Metro has shed tens of thousands of riders over the past five years. This decline is despite significant population growth in the DC region during the same period. Decreasing reliability coupled with the rise of biking and car shares have led more and more residents to quit Metro. While the Metro system as a whole has seen a decline over the past five years, changes in ridership vary greatly across the system. Some areas, in fact, have even seen increases in riders in recent years. The map below shows average weekday ridership for each Metro station from 2011 to 2015.
The vast majority of Metro stations, 72 of the 86 stations that were open in 2011, saw declines in average weekday ridership from 2011 to 2015. West Falls Church experienced the most dramatic decline, with more than a 70 percent drop in weekday ridership. But the majority of this decline occurred after the Silver line opened and likely reflects people switching to a Silver Line station. Ridership drops of over 20 percent occurred both at terminal stations like Largo and Franconia-Springfield as well as downtown stations like Federal Triangle. But not all stations saw a decline. Metro ridership grew at stations near some of the District’s biggest construction booms. The NoMa station experienced the greatest increase, with an increase rise in average weekday ridership of more than 20 percent. The Navy Yard, Mount Vernon, and Rhode Island Ave. stations all had nearly or more than 10 percent growth in riders.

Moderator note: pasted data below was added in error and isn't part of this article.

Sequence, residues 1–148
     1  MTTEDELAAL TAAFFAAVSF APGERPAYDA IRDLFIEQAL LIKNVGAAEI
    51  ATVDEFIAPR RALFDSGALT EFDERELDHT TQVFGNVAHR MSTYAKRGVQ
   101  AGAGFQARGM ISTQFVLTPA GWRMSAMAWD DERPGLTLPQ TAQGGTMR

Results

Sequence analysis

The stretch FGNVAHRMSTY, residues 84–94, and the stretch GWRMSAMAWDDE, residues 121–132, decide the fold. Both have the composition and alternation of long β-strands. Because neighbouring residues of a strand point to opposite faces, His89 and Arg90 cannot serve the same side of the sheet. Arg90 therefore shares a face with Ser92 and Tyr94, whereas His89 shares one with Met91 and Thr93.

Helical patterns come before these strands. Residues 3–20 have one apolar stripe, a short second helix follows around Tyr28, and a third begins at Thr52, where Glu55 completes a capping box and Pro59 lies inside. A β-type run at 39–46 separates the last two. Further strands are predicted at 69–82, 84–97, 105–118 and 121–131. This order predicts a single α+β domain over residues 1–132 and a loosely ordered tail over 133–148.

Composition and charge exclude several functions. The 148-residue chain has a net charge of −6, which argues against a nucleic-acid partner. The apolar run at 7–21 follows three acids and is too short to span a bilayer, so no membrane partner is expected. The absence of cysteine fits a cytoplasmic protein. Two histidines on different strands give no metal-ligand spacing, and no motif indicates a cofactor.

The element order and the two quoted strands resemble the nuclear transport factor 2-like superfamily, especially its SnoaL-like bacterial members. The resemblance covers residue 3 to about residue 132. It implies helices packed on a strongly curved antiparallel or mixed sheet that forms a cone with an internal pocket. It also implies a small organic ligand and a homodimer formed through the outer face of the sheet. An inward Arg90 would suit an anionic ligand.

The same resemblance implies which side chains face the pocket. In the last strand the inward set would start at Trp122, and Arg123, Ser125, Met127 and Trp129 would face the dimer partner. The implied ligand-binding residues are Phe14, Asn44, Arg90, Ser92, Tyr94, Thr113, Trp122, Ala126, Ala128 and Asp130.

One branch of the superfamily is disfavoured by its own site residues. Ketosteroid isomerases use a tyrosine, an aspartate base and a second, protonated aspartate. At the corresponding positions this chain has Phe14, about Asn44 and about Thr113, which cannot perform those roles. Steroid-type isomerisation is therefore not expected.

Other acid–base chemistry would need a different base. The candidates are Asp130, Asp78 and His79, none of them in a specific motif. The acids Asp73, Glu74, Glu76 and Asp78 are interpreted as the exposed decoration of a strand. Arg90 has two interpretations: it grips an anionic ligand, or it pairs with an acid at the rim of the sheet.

Increasingly, Metro is a way to and from work, but nothing more. Over the past five years, ridership has consolidated around commuting hours of the morning rush, from 5 to 9:30 AM and the afternoon peak, between 3 and 7 PM. On weekdays, the average ridership during the morning and afternoon peak hours is nearly twice the ridership during any other period of the day. From 2011 to 2015 these were also the periods of the day where ridership fell the least. Weekday ridership during the late-night peak, from 9:30 PM to midnight, fell the most with a nearly 30 percent decline. While the late-night peak was already the least popular time during the week to take Metro, more and more riders are leaving it to find other transportation options.
Ridership decline can create a vicious cycle for Metro. With fewer people riding Metro because they find it unreliable, there is less revenue to make the Metro more reliable. With a new manager, new railcars, and new initiatives underway, Metro is trying hard to win over residents. It’s unclear if that will be enough.
Technical notes: Data shown is from WMATA and was released on its PlanItMetro blog. You can find complete code for this post on my GitHub page.